The lawsuit against Google was brought when Google announced that it had entered into agreements with several libraries to digitize Books and other writings in those libraries’ collections. Google has already digitized over seven million books, including millions of Books that are still in copyright in the United States. Google users can search Google’s “digital library” and view “snippets,” meaning several lines of text, from Books.

The Google Library Program is one way in which Google is digitizing Books (entire books, we might add) for its “Google Book Search” program (see http://books.google.com). The Google Partner Program (under which Google gets permission from publishers and authors to use their copyrighted works, see https://books.google.com/partner) also contributes works to Google Book Search. Although the Partner Program is not the subject of this Settlement, this Settlement might affect members of the Partner Program.

Presumably, all of these permissions will now flow through the Google-funded Book Rights Registry.

Authorlink Editor’s Notes:

Many in the industry say the Google settlement actually broadens-rather than limits–Google’s legal ability to scan and sell entire books. Furthermore, the settlement requires nearly every author to formally opt in or out of Google’s search programs through the Book Rights Registry, which ultimately will charge the rightsholder up to 20% of the 63% royalty they would to earn from Google.

Before the settlement, Google argued that it had every right to digitize entire books under the Fair Use Doctrine–to display snippets, and then sell the books to consumers. The Guild and AAP disagreed and filed suit. After millions of dollars in legal fees and many hours of negotiation to prevent Google from digitizing full books, the fact is, Google can now legally do that very thing under the settlement, in many cases deciding how much it will pay authors for doing so (because of the price-setting provisions in the settlement).

As part of the settlement, the Author’s Guild and the AAP are in charge of setting up and initially running the Registry, a sort of world police headquarters for authors’ digital rights–so far specifically related only to Google’s use of product. Furthermore, the Book Rights Registry becomes the “legal owner” of the digital data, whatever that means. Like it or not, every author (or author’s estate) whose book is searched and found on Google, must file paperwork and channel their applications through the official Book Rights Registry in order to opt in or out of the program. After all, who can afford not to be seen in the world’s largest search engine? If the author of an out-of-print book simply ignores the situation, or doesn’t get the settlement message by deadline day (May 5, 2009), he/she will be opted “in” to the program by default. And if the rightsholder doesn’t specify a book price, Google will decide for that person.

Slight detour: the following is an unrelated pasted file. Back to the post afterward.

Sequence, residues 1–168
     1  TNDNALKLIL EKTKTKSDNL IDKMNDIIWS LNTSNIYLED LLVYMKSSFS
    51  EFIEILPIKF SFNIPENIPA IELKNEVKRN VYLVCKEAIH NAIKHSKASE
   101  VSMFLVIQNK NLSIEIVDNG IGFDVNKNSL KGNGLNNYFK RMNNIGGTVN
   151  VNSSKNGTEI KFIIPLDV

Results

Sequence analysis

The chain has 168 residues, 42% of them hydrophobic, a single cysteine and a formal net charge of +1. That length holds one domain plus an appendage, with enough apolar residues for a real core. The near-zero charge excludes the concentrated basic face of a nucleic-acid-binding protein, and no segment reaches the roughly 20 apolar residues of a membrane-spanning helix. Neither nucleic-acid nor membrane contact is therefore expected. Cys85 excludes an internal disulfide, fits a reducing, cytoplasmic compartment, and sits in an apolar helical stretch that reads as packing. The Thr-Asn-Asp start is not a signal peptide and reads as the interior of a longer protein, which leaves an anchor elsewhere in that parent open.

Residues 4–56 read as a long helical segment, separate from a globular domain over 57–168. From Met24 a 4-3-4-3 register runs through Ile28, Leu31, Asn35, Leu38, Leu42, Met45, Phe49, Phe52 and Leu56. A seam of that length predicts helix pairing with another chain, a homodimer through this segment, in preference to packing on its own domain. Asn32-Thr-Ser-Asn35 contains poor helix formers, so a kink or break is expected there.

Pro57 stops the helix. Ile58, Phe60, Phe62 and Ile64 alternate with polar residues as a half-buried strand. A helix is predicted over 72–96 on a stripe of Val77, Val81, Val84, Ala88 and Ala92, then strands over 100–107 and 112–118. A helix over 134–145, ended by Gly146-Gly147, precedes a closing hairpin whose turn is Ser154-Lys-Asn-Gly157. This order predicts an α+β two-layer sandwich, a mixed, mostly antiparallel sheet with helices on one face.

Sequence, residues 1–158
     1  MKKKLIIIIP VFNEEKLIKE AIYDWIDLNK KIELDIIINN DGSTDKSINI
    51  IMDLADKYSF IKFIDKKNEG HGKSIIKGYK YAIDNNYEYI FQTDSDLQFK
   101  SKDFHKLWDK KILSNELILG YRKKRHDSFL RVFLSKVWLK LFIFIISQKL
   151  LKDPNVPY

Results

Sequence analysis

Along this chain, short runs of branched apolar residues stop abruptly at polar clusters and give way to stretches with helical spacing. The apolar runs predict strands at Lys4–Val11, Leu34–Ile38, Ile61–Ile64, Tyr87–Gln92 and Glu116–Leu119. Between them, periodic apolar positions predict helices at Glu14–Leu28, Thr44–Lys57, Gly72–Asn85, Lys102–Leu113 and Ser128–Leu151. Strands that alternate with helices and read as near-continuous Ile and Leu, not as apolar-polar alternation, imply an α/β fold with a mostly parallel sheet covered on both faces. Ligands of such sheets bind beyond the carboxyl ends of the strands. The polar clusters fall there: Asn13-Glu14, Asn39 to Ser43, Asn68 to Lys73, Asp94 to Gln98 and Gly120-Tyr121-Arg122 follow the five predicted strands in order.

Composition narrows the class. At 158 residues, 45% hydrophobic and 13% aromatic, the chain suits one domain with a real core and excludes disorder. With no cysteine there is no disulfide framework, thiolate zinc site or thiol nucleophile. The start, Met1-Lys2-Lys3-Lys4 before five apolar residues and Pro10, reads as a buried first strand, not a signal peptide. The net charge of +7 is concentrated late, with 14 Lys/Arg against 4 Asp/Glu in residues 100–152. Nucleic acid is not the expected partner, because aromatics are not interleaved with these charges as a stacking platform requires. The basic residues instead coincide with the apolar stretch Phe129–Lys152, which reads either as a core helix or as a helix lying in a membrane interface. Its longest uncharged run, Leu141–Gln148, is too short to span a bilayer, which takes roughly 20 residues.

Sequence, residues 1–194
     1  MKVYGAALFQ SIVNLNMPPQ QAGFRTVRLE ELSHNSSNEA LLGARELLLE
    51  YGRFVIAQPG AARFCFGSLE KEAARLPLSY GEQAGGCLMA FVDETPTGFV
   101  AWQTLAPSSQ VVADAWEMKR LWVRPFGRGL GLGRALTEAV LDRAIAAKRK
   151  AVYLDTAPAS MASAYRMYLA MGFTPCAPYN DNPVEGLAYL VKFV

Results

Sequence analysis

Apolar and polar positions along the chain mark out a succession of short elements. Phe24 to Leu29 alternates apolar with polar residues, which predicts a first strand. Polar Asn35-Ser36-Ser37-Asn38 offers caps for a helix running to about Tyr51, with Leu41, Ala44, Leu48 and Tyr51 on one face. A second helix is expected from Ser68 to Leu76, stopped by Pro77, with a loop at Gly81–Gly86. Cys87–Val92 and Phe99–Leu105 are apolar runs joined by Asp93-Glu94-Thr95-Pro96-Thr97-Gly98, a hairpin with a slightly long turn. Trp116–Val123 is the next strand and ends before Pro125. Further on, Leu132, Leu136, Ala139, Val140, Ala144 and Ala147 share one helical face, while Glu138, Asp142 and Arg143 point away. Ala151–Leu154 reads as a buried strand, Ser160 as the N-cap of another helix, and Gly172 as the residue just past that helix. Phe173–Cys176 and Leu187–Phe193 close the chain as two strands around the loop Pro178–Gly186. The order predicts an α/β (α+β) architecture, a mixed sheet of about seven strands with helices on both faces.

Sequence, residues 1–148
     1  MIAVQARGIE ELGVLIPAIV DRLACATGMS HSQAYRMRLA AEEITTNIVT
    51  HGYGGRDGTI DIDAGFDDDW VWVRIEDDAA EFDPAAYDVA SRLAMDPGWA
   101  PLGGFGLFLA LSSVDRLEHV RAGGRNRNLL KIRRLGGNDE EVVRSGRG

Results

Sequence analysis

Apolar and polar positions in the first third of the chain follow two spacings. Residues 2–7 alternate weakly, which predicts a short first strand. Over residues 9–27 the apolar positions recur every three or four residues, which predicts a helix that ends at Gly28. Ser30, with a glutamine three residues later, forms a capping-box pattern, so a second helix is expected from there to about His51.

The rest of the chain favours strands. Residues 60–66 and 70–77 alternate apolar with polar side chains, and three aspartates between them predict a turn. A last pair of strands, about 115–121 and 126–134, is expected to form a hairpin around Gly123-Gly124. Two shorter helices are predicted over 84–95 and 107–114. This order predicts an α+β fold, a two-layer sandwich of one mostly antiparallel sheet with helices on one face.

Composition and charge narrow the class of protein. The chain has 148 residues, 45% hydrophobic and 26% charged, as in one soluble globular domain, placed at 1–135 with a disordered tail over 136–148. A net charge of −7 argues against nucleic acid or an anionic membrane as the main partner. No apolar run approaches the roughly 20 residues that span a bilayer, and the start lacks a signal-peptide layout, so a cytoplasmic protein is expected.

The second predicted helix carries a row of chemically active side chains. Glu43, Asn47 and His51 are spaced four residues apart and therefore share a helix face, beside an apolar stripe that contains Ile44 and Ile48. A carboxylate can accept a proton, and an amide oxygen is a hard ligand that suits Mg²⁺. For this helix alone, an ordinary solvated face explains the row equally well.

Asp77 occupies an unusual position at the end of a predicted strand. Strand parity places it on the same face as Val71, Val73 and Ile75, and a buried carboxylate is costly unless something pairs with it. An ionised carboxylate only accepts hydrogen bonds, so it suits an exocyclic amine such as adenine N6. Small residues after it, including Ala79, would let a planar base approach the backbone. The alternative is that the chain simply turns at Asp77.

Under the settlement, and thanks to the Guild and AAP, authors will now be paid a small sum for books Google has already illegally scanned (generally about $60 per title). Without the lawsuit, the amount might have been zero. Going forward, authors will receive about 40-50% of the net revenues on electronic book sales (after Rights Registry fees). At first, this may seem like a lot, but in many cases, the compensation is far less than they might have received on a digital sale before the Google settlement became the industry model. See Authorlink mathematic examples.

It appears that Google has essentially paid off its detractors and won the full use it wanted in the first place. In addition to paying for its own enforcement overseer (the Rights Registry), Google is also paying a huge chunk in fees to the very lawyers hired by the Guild and AAP to sue Google for wrongdoing (this, according to a recent Independent Book Publishers Association article). The settlement looks like forced collectivization in favor of Google, where a hefty percentage of the profits go to administrative middlemen (and lawyers) rather than those who actually created the product. Google has succeeded in strong-arming authors and publishers alike into giving the company a license to digitize, price, and sell nearly every book on the planet, unless the rightsholder is brainless enough to opt out.

Some have begun asking: Where is the Federal Trade Commission? The FTC is charged with preventing unfair methods of competition in commerce, and over the years has gained an even greater authority to police anti competitive practices. No other entity anywhere near Google’s size, will have a hope in Hades of competing. Yet, the FTC hasn’t peeped.

Even in the face of the lawsuit and after shelling out $125 million in settlement expenses, Google denies any wrongdoing or liability, and rejects the claim that any member of the class is entitled to compensation for damages. Then just what are they buying with their millions?